eggs and avocado

Are you getting enough?

Did you know that I am also a health coach and that you can book with me in either Ascot or Kensington for a chat? One of the nice things about being a health coach is that I get to support people in developing healthy diets that provide enough nutrients – including vitamin D. 

Vitamin D is an essential fat-soluble vitamin and it’s also the vitamin that is most frequently deficient. It is also the most frequently cited in the literature!

Like most vitamins, this vitamin plays an important role in many bodily functions. It’s mostly known for its ability to help build strong bones. But, it is also important for a healthy immune system.

Vitamin D in the body

Vitamin D (calciferol) isn’t “active” until it is converted into an active form using a two-step process in the liver.  The liver goes through a process of conversion and ends up creating the active and biologically available form – called calcitriol.  It then functions a bit like a hormone in that it’s created in one part of the body (the skin) and is active in a different part of the body (like the bones).

When you have more than enough vitamin D, the excess gets stored in the liver for use later.

Vitamin D for bones

Vitamin D plays a critical role in bone health.  Bones are alive and are constantly remodeling themselves. Like all of our tissues, bones need a constant flow of nutrients, including vitamin D.

How does it support bone health? 

Vitamin D helps the body absorb calcium more effectively.  It can be absorbed only to a limited degree without vitamin D, and is very important in the mineralisation of bones – which is why we have concerns about deficiency and bone health.

It also works with other hormones to balance calcium levels in the blood because the blood brings calcium at certain levels to perform important functions (like keeping your heart beating).  This is why it’s more important to maintain blood calcium levels in the blood.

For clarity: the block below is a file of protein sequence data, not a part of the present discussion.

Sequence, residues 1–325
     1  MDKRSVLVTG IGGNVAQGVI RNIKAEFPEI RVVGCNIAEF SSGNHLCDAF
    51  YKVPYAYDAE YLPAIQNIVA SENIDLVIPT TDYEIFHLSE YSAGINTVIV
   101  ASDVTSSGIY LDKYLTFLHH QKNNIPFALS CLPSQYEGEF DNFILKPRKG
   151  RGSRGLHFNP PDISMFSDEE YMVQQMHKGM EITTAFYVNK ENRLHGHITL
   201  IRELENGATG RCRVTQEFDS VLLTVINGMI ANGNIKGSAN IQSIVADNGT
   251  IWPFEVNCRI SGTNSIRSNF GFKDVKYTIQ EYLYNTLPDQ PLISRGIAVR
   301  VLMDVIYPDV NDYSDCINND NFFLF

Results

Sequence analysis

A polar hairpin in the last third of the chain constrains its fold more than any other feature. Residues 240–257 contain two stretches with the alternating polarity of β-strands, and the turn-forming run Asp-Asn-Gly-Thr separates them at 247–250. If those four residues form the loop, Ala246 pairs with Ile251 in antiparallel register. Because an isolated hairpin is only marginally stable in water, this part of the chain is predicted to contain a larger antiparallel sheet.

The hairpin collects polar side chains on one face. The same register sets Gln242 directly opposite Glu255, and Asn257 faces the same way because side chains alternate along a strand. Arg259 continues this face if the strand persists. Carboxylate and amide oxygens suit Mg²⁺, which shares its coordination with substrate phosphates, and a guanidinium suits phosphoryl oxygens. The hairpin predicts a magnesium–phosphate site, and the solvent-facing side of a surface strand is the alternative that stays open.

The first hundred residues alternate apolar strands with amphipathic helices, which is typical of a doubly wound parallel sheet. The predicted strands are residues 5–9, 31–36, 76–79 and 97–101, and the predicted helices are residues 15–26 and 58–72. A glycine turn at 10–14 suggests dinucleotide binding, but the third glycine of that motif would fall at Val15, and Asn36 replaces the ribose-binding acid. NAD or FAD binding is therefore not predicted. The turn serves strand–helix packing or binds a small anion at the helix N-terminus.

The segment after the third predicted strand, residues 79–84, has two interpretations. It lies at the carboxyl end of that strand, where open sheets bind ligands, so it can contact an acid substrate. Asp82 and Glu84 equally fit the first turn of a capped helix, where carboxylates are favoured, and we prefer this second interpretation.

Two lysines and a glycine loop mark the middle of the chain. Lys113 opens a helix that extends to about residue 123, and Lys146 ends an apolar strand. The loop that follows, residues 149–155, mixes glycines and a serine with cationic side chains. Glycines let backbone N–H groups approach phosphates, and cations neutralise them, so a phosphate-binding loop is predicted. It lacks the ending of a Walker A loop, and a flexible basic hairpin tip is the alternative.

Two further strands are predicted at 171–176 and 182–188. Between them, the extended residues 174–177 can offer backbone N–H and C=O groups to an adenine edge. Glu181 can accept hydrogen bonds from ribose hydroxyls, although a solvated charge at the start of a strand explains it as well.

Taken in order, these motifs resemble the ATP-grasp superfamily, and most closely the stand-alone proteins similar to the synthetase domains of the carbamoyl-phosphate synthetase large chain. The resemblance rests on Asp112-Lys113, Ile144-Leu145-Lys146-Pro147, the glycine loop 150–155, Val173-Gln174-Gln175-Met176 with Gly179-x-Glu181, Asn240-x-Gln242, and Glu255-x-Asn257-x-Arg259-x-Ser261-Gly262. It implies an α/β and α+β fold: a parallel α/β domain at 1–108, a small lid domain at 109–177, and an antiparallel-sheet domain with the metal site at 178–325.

What happens when we don’t have enough?

When there isn’t enough calcium in the blood two things happen. First, vitamin D stored in the liver is activated and helps absorb more calcium from the food we eat – and second, the body will remove calcium from the bones to increase the levels in the blood. 

When we don’t get enough one regular basis, our bones won’t remineralise well and they can become brittle and weak.  In children, severe deficiencies can cause rickets.  In adults, it can cause osteomalacia.  Deficiencies are increasingly common in who eat lots of processed food.

A depletion or insufficiency can promote the development of osteoporosis, and having enough in the blood is associated with higher bone density and lower risks of falls and fractures.

It is also very important for us in other ways, particularly the immune system.  More on that soon!

I’m a health coach and can support you in maintaining good overall health and can help you meet your health goals. Get in touch if you have any questions!  You can book a chat with me or come to me in the clinic either in Ascot or Kensington